Questions Mount Over Crackdown on Black-Lung ‘Fraud’
* Experts estimated that China currently has more than 6 million patients with black lung disease, the most in the world.
* Police probe led to the rejection of compensation claims by nearly 40 mine workers and the detention of seven miners from the Fulai Coal Mine
The life of Dong Yourui was turned upside down in November when local police arrested her on charges of dereliction of duty.
The 46-year-old physician’s alleged crime was misdiagnosing hundreds of coal miners with black lung disease. Some miners used the diagnoses for medical insurance fraud costing the state millions of dollars, the police charged.
Dong was arrested along with two fellow doctors at Guizhou Aerospace Hospital in southern China — Huang Hengping and Zhang Xiaobo — who face similar allegations. The investigation is part of a crackdown by Zunyi city police on what they call false-diagnosis scams. The probe also led to the rejection of compensation claims by nearly 40 mine workers and the detention of seven miners from the Fulai Coal Mine in Suiyang county.
But the police allegations have faced mounting questions from lawyers and the public as the prolonged investigation has yet to provide persuasive evidence. The handling of the cases has stirred controversy as critics charged the police with undermining the rights of miners in favor of local businesses.
Under Chinese law, the mine workers in Zunyi with black lung disease are entitled to a one-time compensation payment of roughly 200,000 yuan ($29,500) through the government medical insurance system, plus more than 50,000 yuan in compensation from the employer, according to calculations by Caixin.
Black lung disease, also known as coal miner’s pneumoconiosis, is caused by inhaling coal dust and can lead to hardening of the lungs and impaired breathing. The condition accounted for 85% of the 26,756 recorded cases of work-related illness in China last year, according to the National Health Commission. Wang Keqin, chairman of the Beijing Daai Qingcheng Charity Fun, estimated that China currently has more than 6 million patients with black lung disease, the most in the world.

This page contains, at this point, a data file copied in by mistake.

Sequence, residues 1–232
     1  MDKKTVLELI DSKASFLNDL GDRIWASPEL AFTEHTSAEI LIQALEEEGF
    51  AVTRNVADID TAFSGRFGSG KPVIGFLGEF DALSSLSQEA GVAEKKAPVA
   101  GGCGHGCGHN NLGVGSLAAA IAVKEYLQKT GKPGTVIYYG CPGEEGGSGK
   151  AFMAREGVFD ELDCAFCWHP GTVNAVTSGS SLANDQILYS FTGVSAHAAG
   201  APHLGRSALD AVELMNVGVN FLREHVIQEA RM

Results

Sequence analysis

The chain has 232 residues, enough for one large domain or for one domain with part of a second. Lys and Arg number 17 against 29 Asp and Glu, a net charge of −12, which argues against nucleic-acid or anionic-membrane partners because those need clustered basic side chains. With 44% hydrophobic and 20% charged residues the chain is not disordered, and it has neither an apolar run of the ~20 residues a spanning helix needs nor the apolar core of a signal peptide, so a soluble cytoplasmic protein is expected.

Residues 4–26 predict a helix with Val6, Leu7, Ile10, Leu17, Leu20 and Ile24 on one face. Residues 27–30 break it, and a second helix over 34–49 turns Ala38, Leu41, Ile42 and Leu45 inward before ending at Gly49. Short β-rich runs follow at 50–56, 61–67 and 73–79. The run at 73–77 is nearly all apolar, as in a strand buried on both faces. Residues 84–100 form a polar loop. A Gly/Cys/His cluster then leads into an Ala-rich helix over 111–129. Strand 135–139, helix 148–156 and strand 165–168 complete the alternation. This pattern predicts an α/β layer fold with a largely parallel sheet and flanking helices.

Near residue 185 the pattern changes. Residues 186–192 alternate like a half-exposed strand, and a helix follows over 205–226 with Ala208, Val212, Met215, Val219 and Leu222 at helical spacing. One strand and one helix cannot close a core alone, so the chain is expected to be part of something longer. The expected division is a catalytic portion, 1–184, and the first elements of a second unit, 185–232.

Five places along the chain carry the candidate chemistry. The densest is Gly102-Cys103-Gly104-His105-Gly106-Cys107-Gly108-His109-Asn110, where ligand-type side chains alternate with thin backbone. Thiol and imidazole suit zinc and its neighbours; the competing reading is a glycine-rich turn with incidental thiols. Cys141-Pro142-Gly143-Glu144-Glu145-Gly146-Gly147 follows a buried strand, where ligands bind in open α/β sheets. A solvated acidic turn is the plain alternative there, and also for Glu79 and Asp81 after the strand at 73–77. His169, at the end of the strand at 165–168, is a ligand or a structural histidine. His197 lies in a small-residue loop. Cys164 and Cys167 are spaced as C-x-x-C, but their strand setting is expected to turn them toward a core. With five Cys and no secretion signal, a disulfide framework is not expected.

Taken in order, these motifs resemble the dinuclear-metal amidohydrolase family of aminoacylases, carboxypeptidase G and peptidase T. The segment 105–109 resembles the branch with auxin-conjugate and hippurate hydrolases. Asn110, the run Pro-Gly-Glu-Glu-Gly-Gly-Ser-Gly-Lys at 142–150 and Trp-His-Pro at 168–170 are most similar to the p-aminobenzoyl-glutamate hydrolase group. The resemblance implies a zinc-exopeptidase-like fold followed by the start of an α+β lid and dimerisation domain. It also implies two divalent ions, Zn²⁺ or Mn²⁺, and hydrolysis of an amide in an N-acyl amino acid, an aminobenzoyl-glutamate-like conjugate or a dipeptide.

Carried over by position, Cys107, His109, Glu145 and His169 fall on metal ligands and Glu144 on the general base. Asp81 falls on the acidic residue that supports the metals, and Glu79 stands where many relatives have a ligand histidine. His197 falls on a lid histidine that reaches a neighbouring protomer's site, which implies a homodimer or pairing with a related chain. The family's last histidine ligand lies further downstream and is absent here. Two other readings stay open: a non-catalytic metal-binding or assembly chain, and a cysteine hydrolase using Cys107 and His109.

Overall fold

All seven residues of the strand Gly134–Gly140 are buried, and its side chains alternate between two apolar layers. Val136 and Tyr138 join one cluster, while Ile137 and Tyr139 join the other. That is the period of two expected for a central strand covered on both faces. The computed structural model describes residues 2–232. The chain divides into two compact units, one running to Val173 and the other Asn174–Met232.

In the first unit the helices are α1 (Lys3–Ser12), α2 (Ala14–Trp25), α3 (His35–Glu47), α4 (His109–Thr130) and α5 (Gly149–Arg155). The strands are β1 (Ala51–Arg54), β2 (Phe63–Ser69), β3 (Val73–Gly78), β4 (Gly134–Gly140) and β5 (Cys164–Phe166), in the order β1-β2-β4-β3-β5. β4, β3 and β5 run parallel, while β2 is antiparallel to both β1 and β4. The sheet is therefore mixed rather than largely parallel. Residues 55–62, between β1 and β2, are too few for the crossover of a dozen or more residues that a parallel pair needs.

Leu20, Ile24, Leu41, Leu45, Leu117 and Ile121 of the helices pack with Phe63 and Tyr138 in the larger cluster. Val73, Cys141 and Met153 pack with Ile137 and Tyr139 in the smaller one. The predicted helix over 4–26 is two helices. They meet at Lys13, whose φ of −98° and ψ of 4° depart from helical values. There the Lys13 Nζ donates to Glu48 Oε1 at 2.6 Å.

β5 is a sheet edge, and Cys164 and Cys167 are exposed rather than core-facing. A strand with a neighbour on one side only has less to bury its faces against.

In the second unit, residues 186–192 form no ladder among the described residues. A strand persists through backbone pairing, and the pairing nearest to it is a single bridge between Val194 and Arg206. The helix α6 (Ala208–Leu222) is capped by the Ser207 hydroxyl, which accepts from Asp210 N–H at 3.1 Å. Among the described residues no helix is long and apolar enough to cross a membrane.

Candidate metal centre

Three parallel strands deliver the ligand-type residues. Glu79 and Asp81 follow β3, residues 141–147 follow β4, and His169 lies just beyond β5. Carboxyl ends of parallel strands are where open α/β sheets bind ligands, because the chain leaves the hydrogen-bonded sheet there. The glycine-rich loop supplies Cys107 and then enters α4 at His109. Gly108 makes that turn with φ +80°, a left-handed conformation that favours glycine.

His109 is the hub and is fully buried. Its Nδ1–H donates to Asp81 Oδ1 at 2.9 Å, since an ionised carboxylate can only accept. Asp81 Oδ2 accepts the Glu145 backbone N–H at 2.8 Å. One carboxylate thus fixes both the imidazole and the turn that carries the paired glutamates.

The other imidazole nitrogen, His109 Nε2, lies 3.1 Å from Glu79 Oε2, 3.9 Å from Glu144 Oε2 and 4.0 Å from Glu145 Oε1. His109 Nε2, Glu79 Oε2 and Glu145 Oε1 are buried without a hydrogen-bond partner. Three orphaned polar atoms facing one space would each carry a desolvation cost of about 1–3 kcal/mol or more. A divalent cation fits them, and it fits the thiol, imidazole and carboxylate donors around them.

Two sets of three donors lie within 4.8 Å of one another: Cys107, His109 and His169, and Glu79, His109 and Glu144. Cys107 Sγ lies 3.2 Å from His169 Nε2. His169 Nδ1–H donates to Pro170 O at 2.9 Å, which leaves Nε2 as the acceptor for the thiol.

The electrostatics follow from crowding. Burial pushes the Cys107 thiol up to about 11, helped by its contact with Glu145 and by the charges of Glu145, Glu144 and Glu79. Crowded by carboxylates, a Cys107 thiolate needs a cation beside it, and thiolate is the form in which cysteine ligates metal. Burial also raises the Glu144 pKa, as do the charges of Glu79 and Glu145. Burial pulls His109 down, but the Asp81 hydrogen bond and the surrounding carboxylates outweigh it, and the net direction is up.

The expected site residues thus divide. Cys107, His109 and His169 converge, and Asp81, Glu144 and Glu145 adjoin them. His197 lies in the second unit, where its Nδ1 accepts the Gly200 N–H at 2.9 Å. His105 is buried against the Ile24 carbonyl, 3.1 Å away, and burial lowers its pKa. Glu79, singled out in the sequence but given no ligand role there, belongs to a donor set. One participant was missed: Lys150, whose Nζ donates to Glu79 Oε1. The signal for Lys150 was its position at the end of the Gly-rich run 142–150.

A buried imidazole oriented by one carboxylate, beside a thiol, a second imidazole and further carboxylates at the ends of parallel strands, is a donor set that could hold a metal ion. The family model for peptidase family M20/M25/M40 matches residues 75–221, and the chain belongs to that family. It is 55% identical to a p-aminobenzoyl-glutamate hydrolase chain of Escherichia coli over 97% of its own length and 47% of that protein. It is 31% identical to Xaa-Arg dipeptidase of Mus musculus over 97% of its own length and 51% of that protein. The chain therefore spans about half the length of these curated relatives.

Miners, who are mostly former farmers from impoverished areas, often face problems getting a diagnosis and obtaining compensation for black lung disease, said Zhang Haichao, a factory worker from Henan. In 2009, Zhang voluntarily underwent open-chest surgery to prove that he had black lung disease and was eligible for the compensation.
One of the miners who were arrested for alleged fraud in Zunyi is 52-year-old Ren Yunkai. He was diagnosed with stage-one black lung disease at the Guizhou Aerospace Hospital in 2015 and received part of his compensation one year later.
But shortly after the compensation was paid, Ren was taken into police custody and locked up for nearly a month. He was beaten during interrogations, according to his son. On May 17, Ren died of cancer as the investigation into alleged insurance fraud was still pending.
Zunyi in coal-rich Guizhou accounts for almost 40% of the black lung disease cases recorded in the province, reflecting the prevalence of small, privately run coal mines where safety protection is often insufficient, according to the provincial health authority.
Since 2008, miners at the Fulai Coal Mine have been provided single-layer breathing masks. Several former workers said the masks do little to block the heavy dust in which they work, and the employer provided only three masks a month.
Fulai had been in operation for more than 30 years. In 2014, the mine was merged into Guizhou Henglongyuan Mining Co. Ltd. as the province pushed to consolidate the industry. Operations of Fulai were suspended in mid-2015 as it failed to meet certain production requirements.
Although Fulai’s business was halted, it has been embroiled in an ongoing fight with workers over compensation and payouts related to illnesses. Since June 2015, more than 40 miners from Fulai were diagnosed with black lung disease at the Guizhou Aerospace Hospital.
Some workers received only part of their compensation while others complained that they never received any payout, even though regulators accepted their claims and sent the money to the company for distribution by late 2015. Some workers filed lawsuits against the company seeking the payments.
Fulai executives denied that they withheld any compensation due workers and said they paid what they were required to pay.